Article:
These community guidelines didn't happen by accident. I drafted them as a cornerstone for the kind of environment Elisa, Jory and I wanted to join online and offer to other people. Everyone who registers with BlogHer agrees to participate according to these guidelines -- including our esteemed editors. I mention our editors specifically, because Kathy highlights BlogHer Contributing Editor Jeneane Sessum twice in relation to these awful posts. First Kathy mentions Jeneane as a contributor to one of the blogs where the noose image appeared. Second, she makes a more personal statement about Jeneane's involvement:

"I do not want to be part of a culture where this is done not by some random person, but by some of the most respected people in the tech blogging world. People linked to by A-listers like Doc Searls, a co-author of Chris Locke. I do not want to be part of a culture of such hypocrisy where Jeneane Sessum can be a prominent member of blogher, a speaker at industry conferences, an outspoken advocate for women's rights, and at the same time celebrate and encourage a site like meankids -- where objectification of women is taken to a level that makes plain old porn seem quaintly sweet..."

Since Kathy invoked Jeneane's involvement in BlogHer, I called Jeneane and spoke with her tonight via telephone. She told me, as she has written on her personal blog Allied, that she did not author any of the posts about Kathy Sierra that appeared on these blogs. She also told me that she was in the hospital when these threatening posts were made about Kathy. When she was released, the sites were down. Jeneane also repeated to me, nearly verbatim, the comment she left on Shelley Powers' blog:

"I don't feel i can speak on this, though I wish I could. Legal statements have been used in emails that leave me unwilling to go beyond stating what I have on my blog. I'll state it again here–anything i have ever written about kathy has been on my own blog. I agree with much of what shelley has written here and thank her, and parts of what Frank has written on his blog as well.
My statements are and will be on my blog, the place I where I actually write stuff, when I know I can speak freely without legal consequence. There are important issues here to discuss, which shelley mentions — layers and layers of them.

I hope Kathy does find the commentor who has threatened her life and takes action to feel safe. And I hope she uses the same vigor to exonerate those whom she has inaccurately linked to those acts."

I need to mention here that for the past two years, Jeneane has been an important voice of encouragement and counsel within the BlogHer community. She was a conference advisor for two years. She has done an enormous amount to enrich BlogHer, including her single-handed leadership of our BlogHer '06 Conference Chat. Her BlogHer posts have enriched BlogHer's mission. In short, I believe her and I think she offers the above statement about Kathy in good faith.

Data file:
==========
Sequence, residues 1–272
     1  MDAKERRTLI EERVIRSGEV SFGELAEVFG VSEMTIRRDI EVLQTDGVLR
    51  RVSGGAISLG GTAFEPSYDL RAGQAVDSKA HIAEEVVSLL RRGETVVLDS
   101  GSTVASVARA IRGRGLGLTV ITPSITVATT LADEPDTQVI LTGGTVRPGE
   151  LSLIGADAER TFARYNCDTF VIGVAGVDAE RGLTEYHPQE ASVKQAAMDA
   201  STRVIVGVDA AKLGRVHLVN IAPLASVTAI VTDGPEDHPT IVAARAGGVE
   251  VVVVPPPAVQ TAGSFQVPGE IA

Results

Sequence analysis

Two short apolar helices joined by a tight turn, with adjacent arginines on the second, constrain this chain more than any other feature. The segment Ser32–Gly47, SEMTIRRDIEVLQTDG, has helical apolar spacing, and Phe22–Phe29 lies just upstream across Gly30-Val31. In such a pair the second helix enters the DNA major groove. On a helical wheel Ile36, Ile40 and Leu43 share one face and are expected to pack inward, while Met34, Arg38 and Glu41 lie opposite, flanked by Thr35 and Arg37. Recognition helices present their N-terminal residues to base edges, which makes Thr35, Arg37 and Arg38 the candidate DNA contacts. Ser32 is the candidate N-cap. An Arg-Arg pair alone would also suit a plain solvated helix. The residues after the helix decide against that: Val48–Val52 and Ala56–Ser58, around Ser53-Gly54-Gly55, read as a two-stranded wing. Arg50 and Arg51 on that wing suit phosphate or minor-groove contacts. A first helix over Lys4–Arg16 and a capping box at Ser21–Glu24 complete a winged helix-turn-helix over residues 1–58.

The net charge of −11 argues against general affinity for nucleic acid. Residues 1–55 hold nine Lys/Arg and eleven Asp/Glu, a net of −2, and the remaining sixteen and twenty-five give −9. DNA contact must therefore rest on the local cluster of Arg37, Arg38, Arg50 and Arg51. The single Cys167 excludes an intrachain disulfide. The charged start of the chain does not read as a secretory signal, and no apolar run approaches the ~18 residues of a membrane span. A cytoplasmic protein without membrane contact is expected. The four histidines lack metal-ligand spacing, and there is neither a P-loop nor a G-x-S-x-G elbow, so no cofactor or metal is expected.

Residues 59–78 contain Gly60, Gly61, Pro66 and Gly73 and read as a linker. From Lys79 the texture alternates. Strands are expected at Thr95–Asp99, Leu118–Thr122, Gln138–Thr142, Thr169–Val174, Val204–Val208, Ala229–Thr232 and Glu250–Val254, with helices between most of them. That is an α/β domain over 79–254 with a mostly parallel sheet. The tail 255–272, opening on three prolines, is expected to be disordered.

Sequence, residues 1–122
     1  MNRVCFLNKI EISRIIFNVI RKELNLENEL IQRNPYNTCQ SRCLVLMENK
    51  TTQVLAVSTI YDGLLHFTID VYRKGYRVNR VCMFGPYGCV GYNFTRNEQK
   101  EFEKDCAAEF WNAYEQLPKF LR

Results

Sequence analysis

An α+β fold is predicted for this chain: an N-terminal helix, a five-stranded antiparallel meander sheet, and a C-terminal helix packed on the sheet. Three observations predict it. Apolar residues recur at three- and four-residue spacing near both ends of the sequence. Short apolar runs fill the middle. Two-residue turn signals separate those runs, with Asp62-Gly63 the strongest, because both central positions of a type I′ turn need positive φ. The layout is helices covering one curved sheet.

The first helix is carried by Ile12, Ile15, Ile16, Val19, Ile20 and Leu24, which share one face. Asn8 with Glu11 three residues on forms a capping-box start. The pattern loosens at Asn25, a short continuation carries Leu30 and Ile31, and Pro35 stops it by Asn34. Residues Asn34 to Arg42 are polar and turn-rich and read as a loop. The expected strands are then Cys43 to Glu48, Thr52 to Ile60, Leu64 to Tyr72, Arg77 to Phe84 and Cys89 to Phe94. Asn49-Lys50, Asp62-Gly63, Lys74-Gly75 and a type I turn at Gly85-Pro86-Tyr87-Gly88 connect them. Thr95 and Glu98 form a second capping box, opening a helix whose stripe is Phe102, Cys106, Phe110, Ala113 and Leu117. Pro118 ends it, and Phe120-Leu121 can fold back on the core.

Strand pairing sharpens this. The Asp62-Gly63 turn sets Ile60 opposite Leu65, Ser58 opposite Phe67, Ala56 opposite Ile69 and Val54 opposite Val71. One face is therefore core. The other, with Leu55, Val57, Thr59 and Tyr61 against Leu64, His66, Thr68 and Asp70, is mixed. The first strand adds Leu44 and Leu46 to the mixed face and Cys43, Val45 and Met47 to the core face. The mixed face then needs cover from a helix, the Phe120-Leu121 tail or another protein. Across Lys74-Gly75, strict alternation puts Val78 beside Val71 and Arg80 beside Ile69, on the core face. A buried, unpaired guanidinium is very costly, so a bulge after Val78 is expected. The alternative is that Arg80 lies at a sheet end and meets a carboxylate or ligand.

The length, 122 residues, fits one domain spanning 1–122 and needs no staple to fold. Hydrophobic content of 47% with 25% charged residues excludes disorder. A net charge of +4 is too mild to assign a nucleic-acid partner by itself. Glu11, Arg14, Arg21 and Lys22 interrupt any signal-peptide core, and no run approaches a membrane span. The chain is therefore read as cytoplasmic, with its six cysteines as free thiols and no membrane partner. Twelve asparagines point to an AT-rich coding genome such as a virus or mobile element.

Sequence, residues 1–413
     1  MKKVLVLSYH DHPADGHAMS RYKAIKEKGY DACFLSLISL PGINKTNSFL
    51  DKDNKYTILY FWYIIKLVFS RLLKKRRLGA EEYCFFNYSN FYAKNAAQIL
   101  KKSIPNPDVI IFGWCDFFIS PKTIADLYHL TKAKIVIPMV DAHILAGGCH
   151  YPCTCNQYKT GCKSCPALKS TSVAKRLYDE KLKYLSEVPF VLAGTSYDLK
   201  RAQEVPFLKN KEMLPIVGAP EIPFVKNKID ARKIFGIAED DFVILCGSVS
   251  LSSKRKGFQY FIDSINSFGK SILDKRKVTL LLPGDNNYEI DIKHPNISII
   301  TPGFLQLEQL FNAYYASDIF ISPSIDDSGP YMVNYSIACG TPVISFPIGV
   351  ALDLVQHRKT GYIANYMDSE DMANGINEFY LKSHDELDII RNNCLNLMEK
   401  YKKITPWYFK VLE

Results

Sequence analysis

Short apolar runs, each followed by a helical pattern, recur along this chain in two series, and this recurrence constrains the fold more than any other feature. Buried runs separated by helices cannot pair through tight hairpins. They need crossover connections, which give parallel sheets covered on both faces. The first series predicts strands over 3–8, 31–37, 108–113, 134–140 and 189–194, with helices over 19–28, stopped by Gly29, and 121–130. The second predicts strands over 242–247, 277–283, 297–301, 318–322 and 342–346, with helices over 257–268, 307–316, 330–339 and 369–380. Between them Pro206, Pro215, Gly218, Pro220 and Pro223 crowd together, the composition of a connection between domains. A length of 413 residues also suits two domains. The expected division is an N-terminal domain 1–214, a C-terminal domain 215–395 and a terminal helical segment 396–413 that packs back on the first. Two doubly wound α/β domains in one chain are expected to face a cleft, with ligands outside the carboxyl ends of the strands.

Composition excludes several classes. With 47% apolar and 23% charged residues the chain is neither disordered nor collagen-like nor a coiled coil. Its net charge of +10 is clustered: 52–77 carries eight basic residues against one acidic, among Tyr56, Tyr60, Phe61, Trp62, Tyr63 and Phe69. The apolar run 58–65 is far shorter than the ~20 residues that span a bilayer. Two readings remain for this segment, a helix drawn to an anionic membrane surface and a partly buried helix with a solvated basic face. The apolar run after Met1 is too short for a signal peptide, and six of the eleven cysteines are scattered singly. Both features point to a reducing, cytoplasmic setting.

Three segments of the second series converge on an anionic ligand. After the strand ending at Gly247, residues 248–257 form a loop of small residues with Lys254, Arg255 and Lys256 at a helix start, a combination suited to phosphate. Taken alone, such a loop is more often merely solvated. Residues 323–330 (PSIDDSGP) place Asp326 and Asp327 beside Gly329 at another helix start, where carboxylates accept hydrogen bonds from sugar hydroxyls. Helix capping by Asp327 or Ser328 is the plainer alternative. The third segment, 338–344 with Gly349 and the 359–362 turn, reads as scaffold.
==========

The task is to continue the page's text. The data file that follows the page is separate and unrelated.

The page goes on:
For the record, I deeply disagree with the premise of sites like meankids.org and others, and am surprised by the women and men who recommended and linked them from the beginning. To me, these sites are the FuckedCompany.com of the blogosphere, a place where bitter cowards who don't have the courage to own their snark hide and spit. I disagree with Frank Paynter that the early posts were designed to be "mere anarchy". It looks to me as though the site devolved into being exactly what anyone who has ever seen that kind of site fester would expect. I'm glad he apologized for the effect the site had on the community (see the comments).
My opinions aside, we don't believe that linking to and associating with sites we don't like is currently in and of itself a breach of our community guidelines and editor agreements. If, however, we learned that an editor created hate speech of any kind (on or off of BlogHer) it would be a different story.

I hope this long post helps clarify where BlogHer stands on the issue of hate speech against Kathy Sierra or anyone online. We're against it and we're here to help - if you are experiencing online abuse, I recommend you read this post: What do you do when you're cyberstalked, taunted or abused online?

Look forward to your thoughts. Welcome your links below.

Lisa Stone is a BlogHer Co-Founder. Her personal blog is Surfette.


In order to comment on BlogHer.com, you'll need to be logged in. You'll be given the option to log in or create an account when you publish your comment. If you do not log in or create an account, your comment will not be displayed.